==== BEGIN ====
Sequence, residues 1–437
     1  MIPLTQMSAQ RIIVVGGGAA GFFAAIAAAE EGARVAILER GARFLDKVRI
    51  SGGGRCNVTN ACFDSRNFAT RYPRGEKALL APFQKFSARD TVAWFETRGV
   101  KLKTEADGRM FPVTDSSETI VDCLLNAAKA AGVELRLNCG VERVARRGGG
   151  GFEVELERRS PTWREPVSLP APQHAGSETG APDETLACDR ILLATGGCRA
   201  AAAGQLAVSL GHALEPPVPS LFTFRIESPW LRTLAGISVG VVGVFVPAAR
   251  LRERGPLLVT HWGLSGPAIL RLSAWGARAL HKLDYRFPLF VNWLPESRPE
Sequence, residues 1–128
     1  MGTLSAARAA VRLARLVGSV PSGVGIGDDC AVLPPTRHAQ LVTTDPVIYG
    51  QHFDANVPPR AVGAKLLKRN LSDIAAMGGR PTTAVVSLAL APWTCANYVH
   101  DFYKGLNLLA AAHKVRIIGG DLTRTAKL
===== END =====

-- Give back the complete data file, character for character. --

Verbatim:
Sequence, residues 1–437
     1  MIPLTQMSAQ RIIVVGGGAA GFFAAIAAAE EGARVAILER GARFLDKVRI
    51  SGGGRCNVTN ACFDSRNFAT RYPRGEKALL APFQKFSARD TVAWFETRGV
   101  KLKTEADGRM FPVTDSSETI VDCLLNAAKA AGVELRLNCG VERVARRGGG
   151  GFEVELERRS PTWREPVSLP APQHAGSETG APDETLACDR ILLATGGCRA
   201  AAAGQLAVSL GHALEPPVPS LFTFRIESPW LRTLAGISVG VVGVFVPAAR
   251  LRERGPLLVT HWGLSGPAIL RLSAWGARAL HKLDYRFPLF VNWLPESRPE
Sequence, residues 1–128
     1  MGTLSAARAA VRLARLVGSV PSGVGIGDDC AVLPPTRHAQ LVTTDPVIYG
    51  QHFDANVPPR AVGAKLLKRN LSDIAAMGGR PTTAVVSLAL APWTCANYVH
   101  DFYKGLNLLA AAHKVRIIGG DLTRTAKL